GCC donors want transparency in return for moneyVIEW STORY +
GCC donors want transparency in return for money
GCC donors want more transparency from charities in return for more money, and a better understanding of how and where their funds will be spent. At a time of increased competition for government funding, modern charities keen to grow their donor base in the GCC should show evidence of the impact they are having on the communities they serve, according to the 2016 Arab Giving Survey (ASG).
The poll of 1,008 Arabs in six GCC states, which examined public attitudes to philanthropy, found almost half of respondents would give more to a cause if charities were more transparent, up from 35 per cent in the 2015 survey.
Some 24 per cent of respondents said more clarity on how and where money is spent by charities would prompt them to give more. A further 24 per cent said understanding the impact of their donation would encourage then to give more cash to a cause.
Together, these findings overshadow last year’s top finding, which named a higher disposable income as the strongest driver to increased donations. More tellingly, 32 per cent said not knowing how the money would be spent was the main obstacle to donating – a 13 per cent increase on the year before.
The second edition of the AGS, conducted by Philanthropy Age and global market research agency YouGov, surveyed both Gulf nationals and Arab expats resident in the region. The findings build on the inaugural 2015 survey, which shed light on giving across the Gulf for the first time.
The shift in emphasis towards checking the impact of donations is a sign of a maturing donor market. This is slowly prompting a change in the way people give, with donors seeking a more hands-on, strategic approach to philanthropy.
When it comes to selecting a cause to support, the second most influential factor for GCC donors was transparency in how the charity disburses funding. Some 78 per cent of those polled said they would stop contributions to a charity that was performing poorly.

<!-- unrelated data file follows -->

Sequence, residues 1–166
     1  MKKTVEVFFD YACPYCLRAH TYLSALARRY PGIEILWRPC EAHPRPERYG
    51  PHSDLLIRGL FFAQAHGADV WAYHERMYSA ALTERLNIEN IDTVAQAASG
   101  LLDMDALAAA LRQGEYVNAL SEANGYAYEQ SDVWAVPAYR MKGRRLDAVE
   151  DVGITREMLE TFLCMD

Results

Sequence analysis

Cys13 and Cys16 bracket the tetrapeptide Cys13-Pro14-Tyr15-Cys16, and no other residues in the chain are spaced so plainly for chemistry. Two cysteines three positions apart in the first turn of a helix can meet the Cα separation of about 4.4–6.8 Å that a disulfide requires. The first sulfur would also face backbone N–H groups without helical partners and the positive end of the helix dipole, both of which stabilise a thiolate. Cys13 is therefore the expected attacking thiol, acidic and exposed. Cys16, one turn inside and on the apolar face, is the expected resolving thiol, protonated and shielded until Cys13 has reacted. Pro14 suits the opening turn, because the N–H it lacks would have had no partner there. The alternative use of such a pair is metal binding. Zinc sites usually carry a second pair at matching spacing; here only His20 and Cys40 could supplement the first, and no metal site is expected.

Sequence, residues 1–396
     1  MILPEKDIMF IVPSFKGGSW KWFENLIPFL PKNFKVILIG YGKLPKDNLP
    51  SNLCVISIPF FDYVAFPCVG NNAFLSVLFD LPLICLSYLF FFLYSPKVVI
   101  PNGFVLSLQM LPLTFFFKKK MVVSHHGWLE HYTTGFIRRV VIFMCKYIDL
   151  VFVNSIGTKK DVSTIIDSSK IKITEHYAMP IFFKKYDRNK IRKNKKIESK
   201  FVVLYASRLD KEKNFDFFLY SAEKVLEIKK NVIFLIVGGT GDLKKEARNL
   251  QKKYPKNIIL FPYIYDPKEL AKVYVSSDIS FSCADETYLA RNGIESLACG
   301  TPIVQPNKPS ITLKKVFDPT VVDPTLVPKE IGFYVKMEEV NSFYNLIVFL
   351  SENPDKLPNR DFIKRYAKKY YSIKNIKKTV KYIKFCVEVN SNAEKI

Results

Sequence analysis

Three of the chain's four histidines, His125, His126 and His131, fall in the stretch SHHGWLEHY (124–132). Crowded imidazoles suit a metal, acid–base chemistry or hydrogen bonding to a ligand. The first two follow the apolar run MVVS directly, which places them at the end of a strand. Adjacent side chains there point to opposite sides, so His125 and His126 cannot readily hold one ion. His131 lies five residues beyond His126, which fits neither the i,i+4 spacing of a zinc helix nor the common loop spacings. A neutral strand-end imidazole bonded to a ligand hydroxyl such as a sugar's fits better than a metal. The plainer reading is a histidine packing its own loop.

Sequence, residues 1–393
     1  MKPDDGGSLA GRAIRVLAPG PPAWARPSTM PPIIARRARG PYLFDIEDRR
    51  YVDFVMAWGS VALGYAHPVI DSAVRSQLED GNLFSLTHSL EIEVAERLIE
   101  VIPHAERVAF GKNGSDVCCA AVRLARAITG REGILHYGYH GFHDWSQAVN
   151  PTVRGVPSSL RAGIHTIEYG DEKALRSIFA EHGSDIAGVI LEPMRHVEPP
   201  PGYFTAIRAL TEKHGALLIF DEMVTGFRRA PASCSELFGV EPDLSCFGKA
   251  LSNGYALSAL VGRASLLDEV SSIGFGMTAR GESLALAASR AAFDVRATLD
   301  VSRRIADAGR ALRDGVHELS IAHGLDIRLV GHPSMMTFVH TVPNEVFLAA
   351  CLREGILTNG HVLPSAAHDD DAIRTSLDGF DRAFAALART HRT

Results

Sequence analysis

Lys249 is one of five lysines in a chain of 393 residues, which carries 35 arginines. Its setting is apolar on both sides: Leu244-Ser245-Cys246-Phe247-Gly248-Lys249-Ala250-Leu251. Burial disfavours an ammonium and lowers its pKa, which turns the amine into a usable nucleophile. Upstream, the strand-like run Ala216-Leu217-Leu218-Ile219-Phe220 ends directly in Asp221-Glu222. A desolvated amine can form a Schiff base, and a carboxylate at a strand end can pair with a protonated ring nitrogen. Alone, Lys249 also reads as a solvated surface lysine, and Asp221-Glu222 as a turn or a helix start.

Governance matters, too. More donors are taking an interest in the way charitable organisations are run. Friends and family still wield the most influence over philanthropic spending (37 per cent). However, 12 per cent of donors said they are inspired to give by a charity’s leadership; this category saw the largest jump, up 10 percentage points on last year. In addition, more than half of those polled supported the idea of charities employing paid staff.
Not all the findings are positive, however. In a new discovery, the survey revealed a small - but significant - number of donors lack confidence in charities. Fifteen per cent of those polled had little trust in charitable organisations, with a further 34 per cent sitting on the fence. This trust gap presents a challenge, which clearer reporting and feedback to donors may help plug.
Arab giving in the GCC retains its generous spirit, but the survey reveals a growing gap between aspiration and action. While donors express an increasing desire to be better informed before handing over more cash, more than half still give on impulse. It is a disparity charities could do more to dispel.